(Originally published July 24, 1908 by the Emmitsburg Chronicle )
The following contribution to the "Chronicles of Emmitsburg" is from the pen of Mr. John T. Eyster, formerly a resident of this place but now
living in Pasadena, California:
"I have before me a sample copy (May 22nd) of your excellent and altogether commendable Emmitsburg chronicle, in which I find recorded
interesting recollections and experiences of some of the old timers to which I may add a few as they occur to me now.
"The first school I attended, now long since removed, was in a building situated on the road leading to Gettysburg, just beyond and on the same side of the street as the
Catholic Church. Here I entered armed with that most formidable of all books, the 'Yaller-Back Primer. (Formidable because it is the key that unlocks to the grasping and
aspiring' young mind all English literature.) It was in this house, I do not remember the name of the teacher, I first started out to hew my way through and, let the 'chips
fall as they''
"As I recollect from that time to the end of my school days my progress was decidedly slow and if I was noted for anything, it was for what I didn't learn at school. Since
then I have found out that there is a whole lot to be learned outside of school, (much more than the average boys reckons,) and sooner or later most of us learn at least a part
of it. Well if I didn't stow away for future use very much 'book learning' while at school, I did have a whole lot of fun at such times when I was not the subject under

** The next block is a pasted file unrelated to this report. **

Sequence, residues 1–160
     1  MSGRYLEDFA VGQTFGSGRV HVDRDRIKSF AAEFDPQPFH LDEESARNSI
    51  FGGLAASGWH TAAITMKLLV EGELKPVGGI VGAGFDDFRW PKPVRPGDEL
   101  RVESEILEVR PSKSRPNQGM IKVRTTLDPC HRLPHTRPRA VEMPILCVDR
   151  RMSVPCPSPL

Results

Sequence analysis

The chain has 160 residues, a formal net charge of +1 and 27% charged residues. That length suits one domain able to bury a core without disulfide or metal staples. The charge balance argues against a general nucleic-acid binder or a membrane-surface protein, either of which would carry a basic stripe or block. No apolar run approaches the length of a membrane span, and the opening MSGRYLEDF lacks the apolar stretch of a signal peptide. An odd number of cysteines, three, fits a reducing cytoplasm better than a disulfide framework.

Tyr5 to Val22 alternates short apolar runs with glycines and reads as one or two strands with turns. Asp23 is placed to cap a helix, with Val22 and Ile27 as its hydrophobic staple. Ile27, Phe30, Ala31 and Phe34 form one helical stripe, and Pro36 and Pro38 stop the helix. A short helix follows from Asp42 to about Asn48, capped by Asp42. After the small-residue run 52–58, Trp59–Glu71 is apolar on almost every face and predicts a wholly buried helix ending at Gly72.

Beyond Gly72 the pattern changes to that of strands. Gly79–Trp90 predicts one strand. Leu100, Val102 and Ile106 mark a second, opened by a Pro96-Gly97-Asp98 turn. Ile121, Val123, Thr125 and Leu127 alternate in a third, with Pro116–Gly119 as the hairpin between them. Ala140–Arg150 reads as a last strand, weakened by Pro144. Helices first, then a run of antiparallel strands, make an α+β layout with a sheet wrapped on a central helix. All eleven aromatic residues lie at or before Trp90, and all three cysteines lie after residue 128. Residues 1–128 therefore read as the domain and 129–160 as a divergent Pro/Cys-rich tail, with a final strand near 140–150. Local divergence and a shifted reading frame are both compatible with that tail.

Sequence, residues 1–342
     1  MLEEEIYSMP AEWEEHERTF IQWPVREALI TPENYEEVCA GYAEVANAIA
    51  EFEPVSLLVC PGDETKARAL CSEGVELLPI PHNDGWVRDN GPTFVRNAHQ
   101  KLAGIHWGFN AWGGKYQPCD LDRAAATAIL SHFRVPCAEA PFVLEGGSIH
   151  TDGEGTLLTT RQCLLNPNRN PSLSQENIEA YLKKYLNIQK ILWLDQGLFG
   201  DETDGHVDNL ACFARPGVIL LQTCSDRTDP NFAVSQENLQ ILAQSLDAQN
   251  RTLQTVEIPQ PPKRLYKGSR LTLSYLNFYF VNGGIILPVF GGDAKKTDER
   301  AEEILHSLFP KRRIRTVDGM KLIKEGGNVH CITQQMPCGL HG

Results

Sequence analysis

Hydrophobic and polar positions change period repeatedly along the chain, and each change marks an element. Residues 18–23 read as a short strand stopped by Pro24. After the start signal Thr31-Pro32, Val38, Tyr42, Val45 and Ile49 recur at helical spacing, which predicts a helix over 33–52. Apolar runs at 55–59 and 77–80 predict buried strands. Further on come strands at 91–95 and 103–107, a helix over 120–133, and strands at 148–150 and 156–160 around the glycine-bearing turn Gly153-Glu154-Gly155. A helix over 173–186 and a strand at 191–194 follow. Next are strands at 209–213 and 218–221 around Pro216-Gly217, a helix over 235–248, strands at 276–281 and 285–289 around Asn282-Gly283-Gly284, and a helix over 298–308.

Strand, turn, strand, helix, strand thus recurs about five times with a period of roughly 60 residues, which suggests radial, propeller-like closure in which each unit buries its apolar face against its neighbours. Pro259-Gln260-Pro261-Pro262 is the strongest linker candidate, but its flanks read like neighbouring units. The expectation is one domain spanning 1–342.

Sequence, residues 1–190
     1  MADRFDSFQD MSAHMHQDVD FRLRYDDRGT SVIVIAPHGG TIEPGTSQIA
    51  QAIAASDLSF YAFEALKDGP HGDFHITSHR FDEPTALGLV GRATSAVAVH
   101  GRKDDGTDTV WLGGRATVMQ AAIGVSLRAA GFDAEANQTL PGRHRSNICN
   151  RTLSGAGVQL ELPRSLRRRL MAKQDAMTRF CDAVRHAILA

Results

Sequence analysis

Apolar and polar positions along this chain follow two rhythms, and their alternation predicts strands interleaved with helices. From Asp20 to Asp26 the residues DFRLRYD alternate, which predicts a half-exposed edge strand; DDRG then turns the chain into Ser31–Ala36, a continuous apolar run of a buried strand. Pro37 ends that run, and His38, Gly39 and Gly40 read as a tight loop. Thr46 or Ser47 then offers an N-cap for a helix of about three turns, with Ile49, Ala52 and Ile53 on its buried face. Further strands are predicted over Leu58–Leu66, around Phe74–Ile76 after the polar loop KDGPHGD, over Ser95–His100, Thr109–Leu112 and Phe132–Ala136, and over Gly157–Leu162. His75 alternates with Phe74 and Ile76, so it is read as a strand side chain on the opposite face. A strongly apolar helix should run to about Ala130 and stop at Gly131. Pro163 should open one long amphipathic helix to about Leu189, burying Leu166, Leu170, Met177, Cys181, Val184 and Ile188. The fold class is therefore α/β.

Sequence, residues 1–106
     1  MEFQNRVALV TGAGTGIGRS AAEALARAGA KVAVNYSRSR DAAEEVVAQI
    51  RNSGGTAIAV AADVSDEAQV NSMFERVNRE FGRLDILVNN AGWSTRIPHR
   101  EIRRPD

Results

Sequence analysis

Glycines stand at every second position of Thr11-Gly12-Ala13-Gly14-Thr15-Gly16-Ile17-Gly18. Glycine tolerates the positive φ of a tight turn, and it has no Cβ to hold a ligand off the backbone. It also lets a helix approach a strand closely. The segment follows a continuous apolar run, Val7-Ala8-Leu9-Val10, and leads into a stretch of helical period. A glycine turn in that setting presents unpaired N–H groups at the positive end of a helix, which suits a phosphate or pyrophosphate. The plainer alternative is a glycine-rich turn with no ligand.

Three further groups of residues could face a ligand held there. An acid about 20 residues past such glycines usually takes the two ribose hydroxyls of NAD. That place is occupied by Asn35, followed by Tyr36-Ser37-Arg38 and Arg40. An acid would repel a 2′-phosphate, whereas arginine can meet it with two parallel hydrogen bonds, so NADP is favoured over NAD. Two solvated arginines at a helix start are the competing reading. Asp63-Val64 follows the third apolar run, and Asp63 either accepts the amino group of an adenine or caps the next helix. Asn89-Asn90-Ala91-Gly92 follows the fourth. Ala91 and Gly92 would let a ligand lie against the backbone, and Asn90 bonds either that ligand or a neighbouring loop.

consideration for correction or chastisement.
I remember going to school to "Jimmy Knauff," as he was familiarly called. It was in summer time and there were but few scholars in attendance. One afternoon it was quite
sultry and warm, Mr. Knauff took out his corn-cob pipe and had a smoke, after which he put his feet up on the stand before him, leaned back in his chair and went sound asleep.
He had done this two or three times before. One of the boys had prepared a stout twine long enough to reach from his seat to the chair occupied by the sleeping teacher. To
one end of the twine he tied a short piece of cord, not so stout as the long piece, then he slipped up and tied the weak end of the twine to the back of the chair and returned
quietly to his seat. After all this preparation he commenced to pull on the string and just about the time 'Jimmy' Knauff 's feet began to slip off the stand he gave the twine
a sudden jerk. Snap went the string next to the chair and over backwards went sprawling 'Jimmy' Knauff. In less time than it takes to tell it the boy had his long twine wound
up and in his pocket.
The scholars were tittering and laughing all around. The teacher got up, looked dazed and puzzled, as tough he was sent for and couldn't go. wonder if there are any who can
Tell and verify this story and thus help me out.
At one time Emmitsburg was noted for having a pretty tough lot of scholars and it was not every teacher that could control them. The trustees took cognizance of the state of